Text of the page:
Pitfalls in orthopaedics

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Pitfalls in orthopaedics

  1. 1. Pitfalls in Orthopaedic<br />opps<br />Lt Col S K RAI<br />Capt PramodMahender<br />
  2. 2. Case Study<br />A case was tried where a 10-month-old girl suffered anoxic brain injury after “being deprived of oxygen for 40 minutes, forgot the keys to an onboard medicine cabinet and later falsified records related to the rescue”<br />
  3. 3. Medicolegal Outcome<br />The girl, now 5, is a spastic quadriplegic with severe brain damage <br />State health officials heard of the case only after a story appeared in the state Lawyers Weekly <br /> The $10.2 million(50 crores) settlement included a confidentiality agreement that kept secret the identities of the family, the hospitaland the EMS technicians <br />
  4. 4. Errors<br />Not all errors result in harm to the patient, and many react only to errors that are considered to have an adverse effect on a patient (injury or death)<br />
  5. 5. Orthopaedic Emergency<br />Examples?<br />
  6. 6. Orthopaedic emergency<br /><ul><li> Trauma</li></ul>Non-trauma<br /> - Osteomyelitis, Septic arthritis, Pyomyositis<br /> - Gouty arthritis<br /> - C1 - C2 subluxation<br />( Rheumatoid arthritis)<br /> - Acute disc syndrome<br />
  7. 7. Assume the cervical spine to be unstable until proven otherwise <br />up to 50% of patients sustaining C-spine trauma develop neurologic abnormalities (nerve root compression and weakness to quadri- plegia and death). <br />10% are initially neurologically intact, but develop deficits during emergency care <br />risks of airway management<br />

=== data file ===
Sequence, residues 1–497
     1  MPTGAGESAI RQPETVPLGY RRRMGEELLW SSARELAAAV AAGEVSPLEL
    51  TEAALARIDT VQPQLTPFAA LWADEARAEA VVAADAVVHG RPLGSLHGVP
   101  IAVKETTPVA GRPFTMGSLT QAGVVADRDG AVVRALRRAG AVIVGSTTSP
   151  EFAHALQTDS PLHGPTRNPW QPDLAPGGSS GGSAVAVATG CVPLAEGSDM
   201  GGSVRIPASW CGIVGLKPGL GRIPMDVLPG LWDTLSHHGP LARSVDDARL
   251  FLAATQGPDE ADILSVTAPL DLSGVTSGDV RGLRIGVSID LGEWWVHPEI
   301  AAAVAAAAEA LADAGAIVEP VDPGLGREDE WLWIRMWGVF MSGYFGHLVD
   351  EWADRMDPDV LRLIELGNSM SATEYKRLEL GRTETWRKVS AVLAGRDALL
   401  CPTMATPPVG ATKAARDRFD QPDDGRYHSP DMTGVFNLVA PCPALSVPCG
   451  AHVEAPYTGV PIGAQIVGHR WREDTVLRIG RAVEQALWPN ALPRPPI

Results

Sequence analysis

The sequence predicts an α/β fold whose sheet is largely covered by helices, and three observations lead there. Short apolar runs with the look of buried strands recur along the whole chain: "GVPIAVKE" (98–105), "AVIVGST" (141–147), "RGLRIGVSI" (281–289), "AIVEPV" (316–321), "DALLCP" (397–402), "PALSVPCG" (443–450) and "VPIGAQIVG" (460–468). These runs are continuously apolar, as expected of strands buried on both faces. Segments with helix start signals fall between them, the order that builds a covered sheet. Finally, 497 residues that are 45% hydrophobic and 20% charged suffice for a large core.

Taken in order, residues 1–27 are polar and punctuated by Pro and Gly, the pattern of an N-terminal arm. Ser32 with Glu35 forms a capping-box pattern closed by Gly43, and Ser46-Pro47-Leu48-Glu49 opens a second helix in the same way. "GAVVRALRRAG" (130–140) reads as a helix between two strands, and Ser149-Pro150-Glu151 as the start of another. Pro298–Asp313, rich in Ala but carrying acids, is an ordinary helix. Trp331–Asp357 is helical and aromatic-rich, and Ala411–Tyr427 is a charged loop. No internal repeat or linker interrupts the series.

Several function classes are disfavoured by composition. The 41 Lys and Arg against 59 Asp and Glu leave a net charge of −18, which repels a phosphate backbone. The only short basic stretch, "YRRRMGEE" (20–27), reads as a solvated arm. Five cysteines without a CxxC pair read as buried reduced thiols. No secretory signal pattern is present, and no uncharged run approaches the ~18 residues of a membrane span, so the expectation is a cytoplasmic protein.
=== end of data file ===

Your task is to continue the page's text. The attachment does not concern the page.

8. 8.
  9. 9. C-spine evaluation<br />bone and soft tissue<br />X-ray exam: „one view is no view”,<br /> AP-lateral<br />open mouth view -atlanto-occipital and atlanto-axial joints, the odontoid process,oblique – intervert. foramina<br />CT<br />lateral cervical spine - sensitivity of about 85%<br /> 92% in a three view series <br /> 100% when selective CT scanning is employed<br />
  10. 10.
  11. 11. The primary survey –life threatening conditions are identified and management is begun simultaneously!<br />A - Airway maintenance with cervical spine control <br />B - Breathing and ventilation <br />C - Circulation with hemorrhage control <br />D - Disability: neurological status <br />E - Exposure: completely undress the patient<br />
  12. 12. Circulation<br /><ul><li>Does patient have radial pulse?</li></ul>Absent radial = systolic BP < 80<br /><ul><li>Does patient have carotid pulse?</li></ul>Absent carotid = systolic BP < 60<br />
  13. 13. Circulation<br /><ul><li>No carotid pulse?</li></ul>intubate<br />CPR<br />Pneumatic AntishockGarment<br /><ul><li>Survival rate from cardiac arrest secondary to blunt trauma is < 1%</li></li></ul><li>Circulation<br /><ul><li>Serious external bleeding?</li></ul>Direct pressure <br />Tourniquet as last resort<br /><ul><li>All bleeding stops eventually!</li></li></ul><li>Circulation<br /><ul><li>Is patient in shock?</li></ul>Cool, pale, moist skin = shock, until proven otherwise<br />Capillary refill > 2 sec = shock until proven otherwise<br />Restlessness, anxiety= shock until proven otherwise<br />
  14. 14. Circulation<br /><ul><li>If possible internal hemorrhage, QUICKLY expose, palpate:</li></ul>Abdomen<br />Pelvis<br />Thighs<br />
  15. 15. Circulation<br />Large bore IV lines<br />BP<br />HR <br />Alghevar scheme - quantification of shock: <br />SBP / HR <br /> >1 no or minor clinical symptoms<br /> <1 major shock<br />Pulses<br />Indirect signs: UO, skin, tachypnoe, altered consciousness, empty” periferal veins <br />
  16. 16. Circulation<br />warmed intravenous infusions<br />Control: <br />external hemorrhage<br />internal hemorrhage:<br />MAST suit<br />Pelvic binders<br />Surgery  stabilisation  secondary survey<br />
  17. 17. Disability (CNS Function)<br /><ul><li>Level of Consciousness = Best brain perfusion indicator
  18. 18. Check pupils</li></ul>The eyes are the window of the CNS<br />
  19. 19. Disability (CNS Function)<br />Decreased LOC in trauma = Head injury until proven otherwise<br />
  20. 20. B. Initial treatment of major fractures<br />Shock in orthopaedic patient<br /> - Hypovolemic shock<br /> - Neurogenic shock<br />Major fracture<br /> - Pelvis<br /> - Spine (cervical)<br /> - Femur <br /> - Multiple fractures <br /> - Hip<br />(shock)<br />(shock)<br />(shock)<br />(shock)<br />